GP performance a key part of family offices’ secondaries strategy

Family offices are twice as likely as institutional investors to sell private equity stakes due to poor manager performance.

Family offices are more likely to sell on the secondaries market due to the poor performance of a general partner than high pricing for fund stakes, according to a survey by Montana Capital Partners.

Manager performance was the second most important reason to undertake active portfolio management via the secondaries market, cited by 22 percent of family offices and foundations, according to the secondaries firm’s Annual Investor Survey.

For family offices and foundations, the most important reason to tap the market was long-term strategic reasons, selected by 39 percent of respondents. The attractive pricing environment was cited by 17 percent of respondents, while only 8 percent cited a need for liquidity.

By contrast, half of institutional investors cited long-term strategic reasons, 20 percent current attractive pricing and 10 percent manager performance as the most important reasons to tap the secondaries market.

“That is contrary to what we would have predicted, as family offices are usually assumed to be the stickier LPs,” said an investor at a single-family office in the DACH region, quoted in the report.

Family offices and institutional investors are united in prioritising allocations to complex secondaries over more vanilla deal types. Roughly half of them cited complex secondaries as an allocation priority over the next 12 months.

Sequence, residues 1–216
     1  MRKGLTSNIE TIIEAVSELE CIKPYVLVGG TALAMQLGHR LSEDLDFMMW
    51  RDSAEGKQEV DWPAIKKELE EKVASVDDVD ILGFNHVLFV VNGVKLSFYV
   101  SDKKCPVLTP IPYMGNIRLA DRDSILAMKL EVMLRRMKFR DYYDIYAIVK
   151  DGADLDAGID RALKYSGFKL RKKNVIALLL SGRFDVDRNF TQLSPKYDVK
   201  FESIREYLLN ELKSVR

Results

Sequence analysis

Family offices appear to have a greater appetite for directs secondaries than institutional investors (38 percent versus 25 percent), while GP-led transactions are more favoured by institutional investors than family offices (35 percent versus 24 percent).

“This seems plausible if considering that family offices are oftentimes reported to have an affinity towards single businesses and direct investments, having built in many cases their own wealth around the ownership of one or more businesses,” the report noted. GP-leds allow institutional investors to put large amounts of capital to work in a more diversified way, the report noted.

Foundations and endowments accounted for 19 percent of secondaries sales by number of sellers in the first half of 2018, according to data from advisor Greenhill.

The survey was based on the views of 108 respondents collected between August and September. Family offices accounted for 30 percent, insurance companies 21 percent and pension funds 15 percent, with the remainder comprising foundations, asset managers, banks and sovereign wealth funds.